I have been a practicing pediatrician for over 20 years. I saw my first child with autism in the early 90’s – before that I had never seen an autistic child, and I never saw an autistic child in all my years at school. The boy was 4 years old and you could see the frustration in his face as he wanted to speak but nothing intelligible would come from his mouth except shrieks of anguish.

As I studied his tortured face, it was as if there was an old time telephone switchboard operator inside his head trying to plug in the correct phone cables but not being able to complete the call. This family had known me from an old practice I worked at in another city, but they had traveled to see me because they trusted me and were looking for answers that no one seemed to have for them, but I too had no answers and I could see the mom was greatly disappointed. After the family left my office I poured over a few dusty textbooks and wondered if I had just seen a very rare disorder, a disorder that affected one child in 10,000 children…autism.

I had been involved in pediatrics for a decade by the time I saw this boy and it wasn’t as if I had no experience working with rare disorders. I had been able to identify a boy with Fragile-X syndrome and his mom ending up starting the Fragile-X support group at Children’s Hospital in Los Angeles.

I had noticed there was a strange upswing in children with attention disorders and impulsivity problems. I wasn’t a neurologist, but had studied with one of the finest at UCLA. While I was still a pediatric resident I spent time in his office where he helped me study the parade of unusual maladies that was starting to afflict children. I considered myself a closet neurologist, because that was what I had really wanted to specialize in – not pediatrics, but during my neurology rotation in medical school I learned some discouraging news. The attending neurologist, whom I greatly admired, had taken me on rounds for the first time and I watched him brilliantly explain to the family of a stroke patient how he had figured out where in the brain the blood clot had lodged. Then he stood up and walked out of the room and I asked him what therapy he was going to prescribe for the patient so he could recover from his stroke, “therapy?” he said, “there is no therapy.”

Well, I scratched neurology off my list…diagnosis was only meaningful if you could offer a treatment and it seemed neurology had few treatments to offer.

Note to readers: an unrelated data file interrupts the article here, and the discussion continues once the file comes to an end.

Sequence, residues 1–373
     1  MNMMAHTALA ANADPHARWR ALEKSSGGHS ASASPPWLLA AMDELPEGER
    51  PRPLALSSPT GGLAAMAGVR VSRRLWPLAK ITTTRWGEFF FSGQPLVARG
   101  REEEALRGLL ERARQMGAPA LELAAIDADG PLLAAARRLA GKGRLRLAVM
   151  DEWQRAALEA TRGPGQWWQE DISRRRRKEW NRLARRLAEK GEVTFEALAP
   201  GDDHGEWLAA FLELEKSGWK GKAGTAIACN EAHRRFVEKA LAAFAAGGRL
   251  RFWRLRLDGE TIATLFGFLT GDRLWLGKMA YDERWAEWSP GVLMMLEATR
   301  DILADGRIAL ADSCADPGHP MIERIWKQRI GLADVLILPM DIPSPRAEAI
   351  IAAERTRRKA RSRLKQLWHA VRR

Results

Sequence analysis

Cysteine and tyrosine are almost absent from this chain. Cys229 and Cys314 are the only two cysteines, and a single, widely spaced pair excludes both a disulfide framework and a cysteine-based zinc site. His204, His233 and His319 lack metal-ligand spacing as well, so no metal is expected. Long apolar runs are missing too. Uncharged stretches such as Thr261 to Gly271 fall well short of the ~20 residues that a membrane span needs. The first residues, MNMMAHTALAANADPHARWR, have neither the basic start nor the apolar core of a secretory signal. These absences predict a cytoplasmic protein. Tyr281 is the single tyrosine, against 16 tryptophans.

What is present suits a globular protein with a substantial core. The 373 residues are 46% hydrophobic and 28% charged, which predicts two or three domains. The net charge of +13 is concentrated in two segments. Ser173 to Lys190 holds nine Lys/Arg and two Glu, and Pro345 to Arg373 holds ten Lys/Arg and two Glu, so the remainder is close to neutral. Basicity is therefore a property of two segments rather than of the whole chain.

My second patient with autism came to me in the mid 1990’s, but to my relief the purpose of the visit was only to treat worms. I dutifully prescribed the medicine for pinworms and went on to my next patient. Later that afternoon I received a call from the autistic boy’s mom who wanted to know what was that medicine I had given her son for pinworms….her boy was starting to make eye contact, show affection and communicate with his family. She said it was amazing! I told her I didn’t really didn’t know what was in the pinworm pill but immediately prescribed enough pills for her son to take everyday for a month (normally you only take one or two pills to treat pinworms).

I called up the pharmaceutical company that manufactured the pinworm pill and spoke to one of their technical staff. They told me the pill worked by blocking the transport of molecules of a certain size from crossing cell membranes, so in the case of the hapless pinworms they were unable to absorb the sugars they feed upon in the lower intestines of their victims.

What did that have to do with this boy’s newly found improved behavior? Either one of two things were going on: 1) the drug was either blocking a molecule that shouldn’t be passing across the gut to the blood and then the brain and that molecule was having a drug-like affect on the brain, or; 2) the drug was blocking a molecule that normally crossed from the gut into the blood but in certain children these molecules had a strange drug-like affect.

I made several calls across the country to find a researcher who might be interested in this serendipitous finding which could be an important clue into this disease, because no where had I found anything saying that the guts of these children were involved in their disease. Unfortunately, no one I talked to was interested.